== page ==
WACO, Texas (KWTX) A lawyer for the family of a New Jersey surfer who died after contracting a brain-eating amoeba at the BSR Cable Park and Surf Resort outside of Waco alleges the park’s owners “hyper-chlorinat(ed)” the surf pool just before a federal health agency launched an investigation into the death.
Fabrizio Stabile, 29, died on Sept. 21, 2018 from an infection that occurs after the amoeba enters the body through the nose.
Houston attorney Richard Fass said Rita and Vincenzo Stabile, the surfer’s parents, are seeking more than $1 million from BSR Surf Resort, Parsons Barefoot Ski Ranch and BSR Cable Park in a wrongful death lawsuit filed in April in Judge Vicky Menard’s 414th District Court.
The issue heard Thursday was a motion to compel the defendants to provide certain information sought by the plaintiffs, Fass said.
“We consider this a very significant case,” Fass said Friday by telephone from his Houston-area office.
Stabile and several of his friends traveled from New Jersey on Sept. 8, 2018, the lawsuit says, and while swimming and surfing there, “Naegleria fowleri amoebae from BSR’s toxic water entered into Fabrizio Stabile’s nose and migrated into his brain.
“Once there, the amoeba fed on brain and other cells, causing horrific says.
In contention are certain records Fass is seeking that can confirm his claim, but Parsons has not turned those records over.
Parsons’ attorney, who declined to speak to the media after Wednesday’s hearing, said during the issue Parson could not provide the data because it had been stored on his cellphone, which he dropped accidentally into Lake Whitney some time ago.
“He has to be the only Verizon customer in the history of the world whose data is not backed up in the cloud,” Fass told Menard.
Mendard has set a Jan. 27, 2020 trial date for the lawsuit.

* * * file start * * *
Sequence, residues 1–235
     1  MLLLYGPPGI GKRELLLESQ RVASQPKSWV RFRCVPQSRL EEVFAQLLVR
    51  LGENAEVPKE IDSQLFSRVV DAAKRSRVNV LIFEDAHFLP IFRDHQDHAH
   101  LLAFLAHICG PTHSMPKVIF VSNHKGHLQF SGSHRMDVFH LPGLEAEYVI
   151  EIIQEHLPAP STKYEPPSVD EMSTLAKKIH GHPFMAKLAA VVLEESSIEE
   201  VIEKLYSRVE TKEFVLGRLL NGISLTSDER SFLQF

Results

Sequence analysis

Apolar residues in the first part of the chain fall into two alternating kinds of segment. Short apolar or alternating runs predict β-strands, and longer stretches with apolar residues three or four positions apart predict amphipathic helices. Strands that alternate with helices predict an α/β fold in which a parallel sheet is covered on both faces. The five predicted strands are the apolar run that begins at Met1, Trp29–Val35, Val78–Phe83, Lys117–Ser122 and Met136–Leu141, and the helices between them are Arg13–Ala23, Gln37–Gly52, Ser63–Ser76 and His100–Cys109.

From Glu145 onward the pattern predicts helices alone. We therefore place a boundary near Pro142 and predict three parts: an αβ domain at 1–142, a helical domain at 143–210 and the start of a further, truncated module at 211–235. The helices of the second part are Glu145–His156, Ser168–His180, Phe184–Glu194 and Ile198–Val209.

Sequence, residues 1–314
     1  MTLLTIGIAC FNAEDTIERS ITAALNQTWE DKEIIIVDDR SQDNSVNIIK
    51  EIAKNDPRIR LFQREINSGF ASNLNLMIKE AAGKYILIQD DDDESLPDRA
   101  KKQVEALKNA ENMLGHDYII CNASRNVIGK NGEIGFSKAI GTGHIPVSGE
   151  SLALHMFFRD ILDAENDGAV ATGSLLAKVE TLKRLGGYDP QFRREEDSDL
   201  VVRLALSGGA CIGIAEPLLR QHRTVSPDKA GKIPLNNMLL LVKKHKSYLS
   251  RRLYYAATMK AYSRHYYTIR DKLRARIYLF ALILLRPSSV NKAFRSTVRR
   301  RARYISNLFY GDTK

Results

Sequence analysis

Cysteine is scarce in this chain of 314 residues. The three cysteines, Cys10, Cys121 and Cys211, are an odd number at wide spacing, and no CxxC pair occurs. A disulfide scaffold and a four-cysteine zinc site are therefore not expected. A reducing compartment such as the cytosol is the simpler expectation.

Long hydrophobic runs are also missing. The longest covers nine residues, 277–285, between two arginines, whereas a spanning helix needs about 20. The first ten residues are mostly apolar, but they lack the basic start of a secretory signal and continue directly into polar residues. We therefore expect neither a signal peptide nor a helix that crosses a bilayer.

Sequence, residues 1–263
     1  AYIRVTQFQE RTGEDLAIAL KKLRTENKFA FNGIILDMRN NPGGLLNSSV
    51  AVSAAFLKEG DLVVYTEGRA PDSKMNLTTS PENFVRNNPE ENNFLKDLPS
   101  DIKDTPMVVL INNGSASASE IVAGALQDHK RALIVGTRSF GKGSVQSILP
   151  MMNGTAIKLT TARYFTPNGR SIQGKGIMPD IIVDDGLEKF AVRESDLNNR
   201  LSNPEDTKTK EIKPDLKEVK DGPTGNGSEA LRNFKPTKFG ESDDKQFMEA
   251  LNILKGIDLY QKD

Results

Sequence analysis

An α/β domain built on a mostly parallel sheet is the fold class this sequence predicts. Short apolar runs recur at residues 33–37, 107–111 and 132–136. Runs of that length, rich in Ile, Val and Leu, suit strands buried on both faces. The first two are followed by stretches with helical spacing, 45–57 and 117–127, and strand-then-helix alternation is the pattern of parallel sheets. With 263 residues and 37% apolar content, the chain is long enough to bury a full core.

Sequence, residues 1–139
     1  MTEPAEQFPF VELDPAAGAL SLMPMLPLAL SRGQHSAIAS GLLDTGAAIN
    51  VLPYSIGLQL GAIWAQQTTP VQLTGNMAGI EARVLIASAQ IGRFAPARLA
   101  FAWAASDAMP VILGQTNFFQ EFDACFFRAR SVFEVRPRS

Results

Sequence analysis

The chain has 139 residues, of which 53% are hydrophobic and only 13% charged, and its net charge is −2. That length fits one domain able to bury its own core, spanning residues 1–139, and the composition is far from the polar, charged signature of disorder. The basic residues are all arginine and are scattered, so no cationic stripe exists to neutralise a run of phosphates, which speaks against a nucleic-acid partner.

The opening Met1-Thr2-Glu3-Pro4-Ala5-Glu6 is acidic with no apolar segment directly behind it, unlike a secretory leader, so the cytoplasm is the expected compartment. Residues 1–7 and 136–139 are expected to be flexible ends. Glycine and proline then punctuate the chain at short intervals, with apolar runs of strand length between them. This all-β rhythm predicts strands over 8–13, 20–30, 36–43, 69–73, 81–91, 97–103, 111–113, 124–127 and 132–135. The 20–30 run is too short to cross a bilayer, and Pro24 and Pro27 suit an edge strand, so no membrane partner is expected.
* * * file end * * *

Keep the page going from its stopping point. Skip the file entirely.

Parsons confirmed this week the sale of the water park is pending.
He has denied that conditions at the park contributed to Stabile’s death.
Testing by the U.S. Centers for Disease Control and Prevention, the Waco-McLennan County Health District and the Texas Department of State Health Services found evidence of the amoeba at the park, the health district said on Oct. 12, 2018
"Epidemiologic and environmental assessment indicate that exposure likely occurred at this facility," the health district said.
The amoeba “was identified in the Cable Park, but not specifically found “in the Surf Resort, Lazy River, or the Royal Flush on the day of sampling,” although test findings indicated “conditions favorable for N. fowleri growth,” the health district said.
In response Parsons hired a North Carolina firm to install “a state-of-the-art filtration system to make our water in the surf, on lazy river, and at the Royal Flush slide is as clear and clean as humanly possible…working very closely with local, state and CDC.”
The park’s wave pool, which covers an area the size of three football fields, has attracted surfers from around the U.S. and beyond.
PerfectSwell technology created by the California based company American Wave Machines allows operators to produce ocean-like waves hundreds of miles from any coastline.